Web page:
But his experience with shrooms wasn’t all a bed of roses. In August, when Styles first spoke publicly about experimenting with the psychedelics, he told Rolling Stone that he accidentally bit off the tip of his tongue while high.

“We’d do mushrooms, lie down on the grass, and listen to Paul McCartney’s Ram in the sunshine,” he recalled. “We’d just turn the speakers into the yard. This is where I was standing when we were doing mushrooms and I bit off the tip of my tongue. So I was trying to sing with all this blood gushing out of my mouth. So many fond memories, this place.”

Beck: I am not a Scientologist

Beck, whose new album, Hyperspace, was just released on 22 November, has clarified that he is not a member of the Church of Scientology, suggesting that he never really was. The American musician’s comments came during a far-reaching interview with The Sydney Morning Herald.

“I think there’s a misconception that I am a Scientologist,” Beck said. “I’m not a Scientologist. I don’t have any connection or affiliation with it. My father has been a Scientologist for a long time, but I’ve pretty much just focused on my music and my work for most of my life, and tended to do my own thing … I think it’s just something people ran with.”

For years Beck has been routinely described in the press as a Scientologist, and oftentimes appears on lists of celebrity Scientologists, so his claim to the contrary will come as a surprise to a lot of people. Particularly since he waited so long to set the record straight.

But a little research shows that Beck was likely never involved with Scientology to any notable extent. He is reportedly “Clear,” more or less the first step on what the organization calls the Bridge to Total Freedom. Were he at all serious about Scientology, Beck would certainly be an Operating Thetan by now, given his celebrity status. The Church of Scientology is known for giving preferential treatment to celebrities as they have the potential to recruit more members and generate positive press.

Beck also went into detail about his new album, explaining that one track was inspired by a friend of his who died from a drug overdose more than two decades ago.

“For some reason, it came out now,” he said. “And something I went through two years ago, I might be able to articulate in a song 15 years from now … That’s just the mystery of craft. You are serving a master, in a way. Sometimes it doesn’t completely feel like it’s up to me.”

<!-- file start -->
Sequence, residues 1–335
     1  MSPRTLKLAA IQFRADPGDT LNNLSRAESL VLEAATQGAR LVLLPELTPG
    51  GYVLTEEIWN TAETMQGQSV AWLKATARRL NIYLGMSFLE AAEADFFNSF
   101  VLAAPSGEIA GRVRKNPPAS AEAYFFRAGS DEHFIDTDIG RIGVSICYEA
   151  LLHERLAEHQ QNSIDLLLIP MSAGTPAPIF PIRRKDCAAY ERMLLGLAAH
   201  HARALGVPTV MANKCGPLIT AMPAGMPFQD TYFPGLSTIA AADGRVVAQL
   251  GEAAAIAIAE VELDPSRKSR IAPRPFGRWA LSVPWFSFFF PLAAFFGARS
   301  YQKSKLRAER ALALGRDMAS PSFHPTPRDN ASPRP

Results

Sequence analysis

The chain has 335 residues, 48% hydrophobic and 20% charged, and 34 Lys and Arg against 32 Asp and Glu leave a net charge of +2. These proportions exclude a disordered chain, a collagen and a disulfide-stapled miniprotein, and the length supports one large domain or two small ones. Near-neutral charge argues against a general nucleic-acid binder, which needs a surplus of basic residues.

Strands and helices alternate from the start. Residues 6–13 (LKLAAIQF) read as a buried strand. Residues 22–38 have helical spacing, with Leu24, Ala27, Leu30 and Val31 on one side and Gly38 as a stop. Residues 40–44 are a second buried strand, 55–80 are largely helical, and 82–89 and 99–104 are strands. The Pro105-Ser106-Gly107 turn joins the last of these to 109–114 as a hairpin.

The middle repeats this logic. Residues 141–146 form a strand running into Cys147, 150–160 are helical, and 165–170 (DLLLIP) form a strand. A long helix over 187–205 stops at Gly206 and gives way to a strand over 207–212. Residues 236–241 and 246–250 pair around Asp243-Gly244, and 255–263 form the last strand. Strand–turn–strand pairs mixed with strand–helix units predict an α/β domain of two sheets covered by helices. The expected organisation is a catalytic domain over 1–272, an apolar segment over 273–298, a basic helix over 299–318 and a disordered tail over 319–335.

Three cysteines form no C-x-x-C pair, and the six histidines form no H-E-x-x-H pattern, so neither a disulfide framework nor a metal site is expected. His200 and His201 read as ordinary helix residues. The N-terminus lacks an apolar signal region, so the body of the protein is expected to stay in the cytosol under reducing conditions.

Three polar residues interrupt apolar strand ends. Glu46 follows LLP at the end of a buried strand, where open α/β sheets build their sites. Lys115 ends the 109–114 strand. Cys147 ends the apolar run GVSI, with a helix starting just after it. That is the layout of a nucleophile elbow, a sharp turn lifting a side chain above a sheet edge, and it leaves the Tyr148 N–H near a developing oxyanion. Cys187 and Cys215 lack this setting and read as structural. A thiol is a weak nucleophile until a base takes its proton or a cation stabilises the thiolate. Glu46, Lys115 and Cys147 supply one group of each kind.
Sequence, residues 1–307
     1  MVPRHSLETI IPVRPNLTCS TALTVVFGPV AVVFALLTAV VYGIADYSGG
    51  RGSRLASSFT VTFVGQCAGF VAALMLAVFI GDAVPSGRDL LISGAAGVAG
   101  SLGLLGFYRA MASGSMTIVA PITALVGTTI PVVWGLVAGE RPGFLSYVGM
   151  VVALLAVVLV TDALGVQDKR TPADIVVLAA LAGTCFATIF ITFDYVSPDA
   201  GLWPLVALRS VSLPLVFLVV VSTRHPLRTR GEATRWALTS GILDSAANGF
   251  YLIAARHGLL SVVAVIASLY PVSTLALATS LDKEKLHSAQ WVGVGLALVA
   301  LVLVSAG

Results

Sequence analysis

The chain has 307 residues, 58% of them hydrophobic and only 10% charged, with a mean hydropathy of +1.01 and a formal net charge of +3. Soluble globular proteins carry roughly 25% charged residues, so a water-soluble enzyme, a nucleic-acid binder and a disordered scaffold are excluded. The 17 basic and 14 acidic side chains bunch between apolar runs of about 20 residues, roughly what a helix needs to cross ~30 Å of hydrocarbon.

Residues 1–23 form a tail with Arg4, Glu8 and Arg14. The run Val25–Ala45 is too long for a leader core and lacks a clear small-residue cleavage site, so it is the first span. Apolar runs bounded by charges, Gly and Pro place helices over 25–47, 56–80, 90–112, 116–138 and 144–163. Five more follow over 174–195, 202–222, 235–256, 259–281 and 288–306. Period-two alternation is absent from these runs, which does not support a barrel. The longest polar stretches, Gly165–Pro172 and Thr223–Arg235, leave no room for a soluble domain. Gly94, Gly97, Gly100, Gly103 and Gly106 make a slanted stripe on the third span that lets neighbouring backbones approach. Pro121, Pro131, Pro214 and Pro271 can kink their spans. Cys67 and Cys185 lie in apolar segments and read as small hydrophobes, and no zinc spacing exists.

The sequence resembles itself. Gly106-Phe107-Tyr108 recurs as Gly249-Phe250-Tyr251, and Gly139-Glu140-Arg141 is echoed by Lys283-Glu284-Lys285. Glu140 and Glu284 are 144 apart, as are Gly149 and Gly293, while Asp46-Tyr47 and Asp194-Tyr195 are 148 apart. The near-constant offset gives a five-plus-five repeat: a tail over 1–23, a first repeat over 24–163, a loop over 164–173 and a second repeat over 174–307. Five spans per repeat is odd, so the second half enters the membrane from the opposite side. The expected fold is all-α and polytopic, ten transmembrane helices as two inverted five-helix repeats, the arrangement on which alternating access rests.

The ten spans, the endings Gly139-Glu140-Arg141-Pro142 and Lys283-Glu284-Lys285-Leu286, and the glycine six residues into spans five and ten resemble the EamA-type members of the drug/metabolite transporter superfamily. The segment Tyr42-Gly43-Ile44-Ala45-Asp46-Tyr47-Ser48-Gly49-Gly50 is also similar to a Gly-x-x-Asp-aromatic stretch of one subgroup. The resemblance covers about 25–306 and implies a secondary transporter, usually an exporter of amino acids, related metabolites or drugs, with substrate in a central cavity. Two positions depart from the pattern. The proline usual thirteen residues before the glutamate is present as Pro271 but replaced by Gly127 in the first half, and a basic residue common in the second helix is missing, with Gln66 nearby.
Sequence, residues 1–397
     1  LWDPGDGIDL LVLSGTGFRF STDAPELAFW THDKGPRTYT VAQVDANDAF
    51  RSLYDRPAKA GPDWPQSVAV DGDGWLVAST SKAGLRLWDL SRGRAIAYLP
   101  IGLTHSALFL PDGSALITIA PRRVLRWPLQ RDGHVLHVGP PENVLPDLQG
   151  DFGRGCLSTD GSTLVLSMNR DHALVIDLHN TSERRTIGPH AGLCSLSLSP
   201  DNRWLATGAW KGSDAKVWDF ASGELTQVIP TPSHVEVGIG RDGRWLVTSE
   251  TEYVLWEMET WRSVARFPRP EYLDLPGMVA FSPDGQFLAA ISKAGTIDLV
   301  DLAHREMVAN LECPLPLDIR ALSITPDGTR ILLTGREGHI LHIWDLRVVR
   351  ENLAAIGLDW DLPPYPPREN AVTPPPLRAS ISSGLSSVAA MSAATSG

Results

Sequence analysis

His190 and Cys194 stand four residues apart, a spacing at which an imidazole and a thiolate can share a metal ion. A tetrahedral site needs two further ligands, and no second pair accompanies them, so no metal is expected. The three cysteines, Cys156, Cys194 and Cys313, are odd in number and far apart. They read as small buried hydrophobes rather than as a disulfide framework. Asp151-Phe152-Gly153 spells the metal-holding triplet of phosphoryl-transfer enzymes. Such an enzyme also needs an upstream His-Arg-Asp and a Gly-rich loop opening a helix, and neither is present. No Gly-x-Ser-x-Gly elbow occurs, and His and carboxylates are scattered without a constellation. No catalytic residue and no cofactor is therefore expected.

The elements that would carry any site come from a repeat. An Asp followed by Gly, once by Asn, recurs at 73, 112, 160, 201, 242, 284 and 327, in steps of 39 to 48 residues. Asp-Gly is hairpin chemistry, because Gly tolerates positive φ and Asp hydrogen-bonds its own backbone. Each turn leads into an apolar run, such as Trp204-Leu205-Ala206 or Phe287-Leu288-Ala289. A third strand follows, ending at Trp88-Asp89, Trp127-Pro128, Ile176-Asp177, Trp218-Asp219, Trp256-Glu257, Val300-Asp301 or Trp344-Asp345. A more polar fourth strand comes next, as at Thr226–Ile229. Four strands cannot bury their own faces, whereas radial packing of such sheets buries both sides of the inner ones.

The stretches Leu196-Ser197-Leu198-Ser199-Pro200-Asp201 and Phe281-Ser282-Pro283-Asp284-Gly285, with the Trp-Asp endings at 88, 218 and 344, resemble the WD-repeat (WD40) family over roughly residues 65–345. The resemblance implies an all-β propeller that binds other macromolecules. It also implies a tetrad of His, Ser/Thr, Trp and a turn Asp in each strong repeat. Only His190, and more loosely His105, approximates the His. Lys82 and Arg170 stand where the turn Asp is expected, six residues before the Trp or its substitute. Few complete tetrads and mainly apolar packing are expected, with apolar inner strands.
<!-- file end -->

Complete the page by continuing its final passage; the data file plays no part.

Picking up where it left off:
Together, Beck says, the songs on Hyperspace serve as “portraits of a different way of trying to just transcend our everyday. And maybe what I was thinking about with this record is how underneath all these choices and differences we share a lot as just flawed humans trying to do the best we can to get through this thing called life, as Prince said.”

Bernie Sanders attends Ariana Grande concert, gets her endorsement

Pop star Ariana Grande is the latest, and probably the most significant, music celebrity to endorse the presidential campaign of US Senator Bernie Sanders. Sanders, who nearly beat Hillary Clinton in the Democratic Primary election in 2016 and is one of the favorites to win the nomination in 2020, attended Grande’s recent concert in Atlanta.

The 78-year-old politician and 26-year-old pop star posed for photos together backstage. Grande uploaded a few of them to her Twitter account, writing:

“MY GUY. thank you Senator Sanders for coming to my show, making my whole night and for all that you stand for ! @headcountorg and i are doing our best to make you proud. we’ve already registered 20k+ young voters at my shows alone. also i will never smile this hard again promise.”

HeadCount is an organization that works with musicians to promote voter registration.

Sanders also posted the images on Twitter and praised Grande for using her popularity to draw attention to important political and social issues.

“I want to thank @ArianaGrande for not only being a wonderful entertainer, but also for being such an outstanding advocate for social justice,” Sanders wrote. “We must all be prepared – like Ariana has shown – to fight for everyone who is struggling. It was great to meet her in Atlanta last night.”

Sanders has managed to connect with an array of musicians and performers in recent months. In July, rapper Cardi B appeared in a video with Sanders to discuss political issues including minimum wage, unemployment and climate change. Carbi B had previously tweeted: “I been reading about Bernie Sanders and I’m really sad how we let him down in 2016.”

Speaking to CNN, Sanders said he admires Cardi B’s political commitment:

“What it means is, what Cardi B does, not only is she an enormously popular entertainer, what she is doing is speaking to young people about the important issues that are on their minds and I applaud that very much.”